A mutual fund is a collection of stocks, bonds and other investments, pooled into one account, that shares the risk and smooths the fluctuations in value of the individual investments. A fund's price per share is based on the collective value of the underlying assets. This value is called the net asset value, or NAV. Funds have to be registered with the Securities and Exchange Commission, and they must report this NAV each day.
Mutual find prices are updated on a daily basis. Price information must be sent to the National Association of Securities Dealers by 5 PM Eastern time each day of trading.
Understanding NAV Reporting Requirements
The SEC requires each fund to calculate its net asset value and report it to the National Association of Securities Dealers by 5 p.m. Eastern time each trading day. To calculate that value, the fund determines the closing or last sale price of all securities and the worth of any other investments in its portfolio. Then it deducts any fees or expenses, and it divides that total by the number of shares in the fund.
To use a simple example that doesn't factor in expenses, imagine a mutual fund that owns 100 shares of IBM at $150 per share, 100 shares of Netflix at $300 per share and 100 shares of Apple at $180 per share. Let's say there are 10,000 mutual fund shares issued to investors. The assets in the fund are $15,000 IBM, $30,000 Netflix and $18,000 Apple, for a total value of $63,000. Divided by the 10,000 outstanding shares, the NAV of the fund would be $6.30 per share.
NAV calculations usually begin after the stock exchanges close, which normally is 4 p.m. Eastern time. Price updates are reported as soon as those calculations are complete.
Evaluating Fund Listings
The NASD assimilates the NAV of each registered fund and compiles the results into a basic list that it distributes to news services and other security reporting agencies. That NAV is what a buyer will pay for a share in the fund the next day, or what a seller who redeems a share will receive. The actual cost for investors can often be higher, due to commissions or other brokerage fees. For example, the NAV of your fund may be $10 per share, but if the fund company charges a 5 percent sales charge, new investors would pay $10.50 per share.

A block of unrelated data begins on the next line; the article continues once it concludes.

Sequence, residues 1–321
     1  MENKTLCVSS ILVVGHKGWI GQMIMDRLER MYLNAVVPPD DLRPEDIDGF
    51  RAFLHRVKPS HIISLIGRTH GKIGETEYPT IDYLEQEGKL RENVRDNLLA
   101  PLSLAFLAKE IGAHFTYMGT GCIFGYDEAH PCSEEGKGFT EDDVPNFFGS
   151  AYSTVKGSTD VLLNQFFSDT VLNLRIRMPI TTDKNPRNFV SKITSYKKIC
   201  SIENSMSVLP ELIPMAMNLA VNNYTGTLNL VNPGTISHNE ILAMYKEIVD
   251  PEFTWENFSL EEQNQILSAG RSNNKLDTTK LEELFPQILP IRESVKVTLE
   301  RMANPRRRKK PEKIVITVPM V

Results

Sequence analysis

Price Reporting Considerations
The NASD collects and distributes mutual fund information through its Mutual Fund Quotations Service. NASDAQ, the automated service created by the association to handle trading in stocks not listed on a formal exchange, charges funds fees for these services. Participation in the NASDAQ service is voluntary, but virtually all funds take part to get their share prices reported publicly.
Public Offering Prices
A public offering price is the NAV plus any commissions or sales fees charged by the fund when investors buy a share. That also changes daily, as the NAV fluctuates. Most funds listed in newspaper and other compilations are "open end," allowing any number of investors to buy shares. The number of shares in a fund doesn't affect its NAV, as money flows into or out of the fund when shares are bought or redeemed.
Defining Closed Funds
Some funds are "closed end," with a fixed number of shares allowed. Closed-end funds can be traded on a public exchange, just like stocks, in which case the updated price will be the value when exchange trading ends for the day. That price might be above or below the NAV. Closed-end funds are not required to report their NAVs to the National Association of Securities Dealers.
Bob Haring has been a news writer and editor for more than 50 years, mostly with the Associated Press and then as executive editor of the Tulsa, Okla. "World." Since retiring he has written freelance stories and a weekly computer security column. Haring holds a Bachelor of Journalism from the University of Missouri.